American has ordered more aircraft than any other U.S. airline. Deliveries will begin in December, when the first of 10
(BA) 777-300ERs arrive. It will fly Dallas-Sao Paulo. In 2013, the first of 130 Airbus A319 and A321 narrowbodies will arrive: These will be the first aircraft delivered from American's historic
2011 order, the largest commercial aircraft order ever. Also, deliveries of 125 B737-800s have begun
The future will also bring deliveries of 130 Airbus A320 neos, starting in 2017; six 777-200ERs, starting in 2014; and 42 Boeing 787s starting in 2015.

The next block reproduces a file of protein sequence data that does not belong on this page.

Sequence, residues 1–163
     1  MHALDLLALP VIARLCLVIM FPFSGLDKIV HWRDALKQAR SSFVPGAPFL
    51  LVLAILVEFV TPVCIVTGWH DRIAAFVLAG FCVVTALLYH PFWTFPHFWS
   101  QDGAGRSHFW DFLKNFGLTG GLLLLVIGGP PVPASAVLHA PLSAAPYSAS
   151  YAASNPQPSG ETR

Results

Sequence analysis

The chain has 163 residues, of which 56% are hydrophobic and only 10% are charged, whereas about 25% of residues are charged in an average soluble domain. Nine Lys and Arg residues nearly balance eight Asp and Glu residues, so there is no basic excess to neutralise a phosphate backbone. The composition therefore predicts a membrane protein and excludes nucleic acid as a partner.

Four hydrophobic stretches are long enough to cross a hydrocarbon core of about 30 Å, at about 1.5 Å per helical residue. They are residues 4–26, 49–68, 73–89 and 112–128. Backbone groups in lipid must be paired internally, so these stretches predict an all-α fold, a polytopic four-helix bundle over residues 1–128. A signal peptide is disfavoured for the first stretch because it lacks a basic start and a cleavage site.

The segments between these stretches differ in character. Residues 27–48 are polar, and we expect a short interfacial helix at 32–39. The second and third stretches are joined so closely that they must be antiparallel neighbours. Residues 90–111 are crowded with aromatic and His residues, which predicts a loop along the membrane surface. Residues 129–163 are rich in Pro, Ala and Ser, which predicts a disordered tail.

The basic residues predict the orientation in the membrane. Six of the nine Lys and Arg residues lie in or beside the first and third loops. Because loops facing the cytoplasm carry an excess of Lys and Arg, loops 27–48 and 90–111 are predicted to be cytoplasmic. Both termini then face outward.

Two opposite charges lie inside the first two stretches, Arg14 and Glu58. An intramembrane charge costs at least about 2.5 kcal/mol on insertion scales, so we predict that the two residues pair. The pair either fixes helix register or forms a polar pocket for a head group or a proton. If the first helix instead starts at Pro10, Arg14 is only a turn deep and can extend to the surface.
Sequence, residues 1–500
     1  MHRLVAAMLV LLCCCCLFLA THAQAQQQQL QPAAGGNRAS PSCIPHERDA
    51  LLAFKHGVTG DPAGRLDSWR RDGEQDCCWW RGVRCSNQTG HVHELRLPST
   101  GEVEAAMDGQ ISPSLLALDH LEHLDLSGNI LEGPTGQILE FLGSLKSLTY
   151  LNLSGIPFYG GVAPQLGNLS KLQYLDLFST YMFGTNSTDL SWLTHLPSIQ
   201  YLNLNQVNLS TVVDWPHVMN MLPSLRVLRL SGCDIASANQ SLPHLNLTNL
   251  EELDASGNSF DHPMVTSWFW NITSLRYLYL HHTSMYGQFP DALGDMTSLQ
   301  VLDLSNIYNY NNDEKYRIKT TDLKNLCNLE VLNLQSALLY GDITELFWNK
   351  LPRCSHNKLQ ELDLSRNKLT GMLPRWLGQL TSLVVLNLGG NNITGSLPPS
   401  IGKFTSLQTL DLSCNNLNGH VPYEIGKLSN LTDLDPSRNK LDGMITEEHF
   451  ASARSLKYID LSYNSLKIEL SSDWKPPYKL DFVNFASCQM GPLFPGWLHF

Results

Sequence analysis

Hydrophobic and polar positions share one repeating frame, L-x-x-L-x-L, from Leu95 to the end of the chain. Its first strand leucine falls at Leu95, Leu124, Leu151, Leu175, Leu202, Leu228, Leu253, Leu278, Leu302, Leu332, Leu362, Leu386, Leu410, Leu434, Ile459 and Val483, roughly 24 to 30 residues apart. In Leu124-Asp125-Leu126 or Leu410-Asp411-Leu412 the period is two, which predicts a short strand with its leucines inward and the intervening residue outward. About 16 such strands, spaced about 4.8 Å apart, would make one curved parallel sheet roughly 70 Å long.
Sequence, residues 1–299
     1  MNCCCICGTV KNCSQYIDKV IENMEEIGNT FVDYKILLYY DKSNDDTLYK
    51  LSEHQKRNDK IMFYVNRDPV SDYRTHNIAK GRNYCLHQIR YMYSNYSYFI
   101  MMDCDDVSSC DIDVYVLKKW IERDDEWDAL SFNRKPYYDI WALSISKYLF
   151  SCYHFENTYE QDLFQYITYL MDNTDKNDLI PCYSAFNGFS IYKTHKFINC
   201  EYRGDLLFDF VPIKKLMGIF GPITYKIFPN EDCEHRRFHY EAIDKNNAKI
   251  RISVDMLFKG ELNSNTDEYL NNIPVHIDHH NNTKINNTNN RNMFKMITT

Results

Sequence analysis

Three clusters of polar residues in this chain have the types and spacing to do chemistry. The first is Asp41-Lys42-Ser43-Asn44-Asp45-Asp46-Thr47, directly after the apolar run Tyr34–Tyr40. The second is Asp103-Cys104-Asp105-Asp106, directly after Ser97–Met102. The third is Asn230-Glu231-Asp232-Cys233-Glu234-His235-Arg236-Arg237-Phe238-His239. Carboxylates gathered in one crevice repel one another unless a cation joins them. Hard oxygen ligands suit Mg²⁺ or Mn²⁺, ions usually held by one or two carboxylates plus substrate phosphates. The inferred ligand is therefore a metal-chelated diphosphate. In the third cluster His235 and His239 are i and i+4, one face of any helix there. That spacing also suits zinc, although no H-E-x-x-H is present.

New aircraft provide a big advantage for airlines. They please passengers. They use less fuel than old aircraft. And they require less maintenance, saving millions of dollars, in what is referred to in the airline industry as a "maintenance holiday." The rapid low-cost growth of Spirit (SAVE - Get Report), like the growth of JetBlue (JBLU - Get Report) a decade earlier, is being fueled by new Airbus jets.Not to say that American is ever going to be a low-cost carrier like Spirit and JetBlue, but obviously it is reducing costs in bankruptcy and it will further reduce costs by replacing the country's oldest fleet with the newest. Of course, it will have to pay billions of dollars to buy the new aircraft, making commitments even as it walks away from leases for older aircraft in bankruptcy court. But generally, new aircraft are easy to finance because they are considered to be strong collateral. In the battle with US Airways (LCC), which wants to complete a merger with American before the bankruptcy ends, American moved in May to promote the passenger amenities, including lie-flat seats, planned for its widebody fleet. Last week, it announced the amenities for its A321, particularly the 15 aircraft it will use for trans-continental flights. "Taking over 500 new aircraft presents a tremendous opportunity to modernize our brand," said Rob Friedman, American's vice president of marketing. "Our customers understand that we are moving forward to having the youngest fleet in the industry in five years, and the feedback has been tremendous."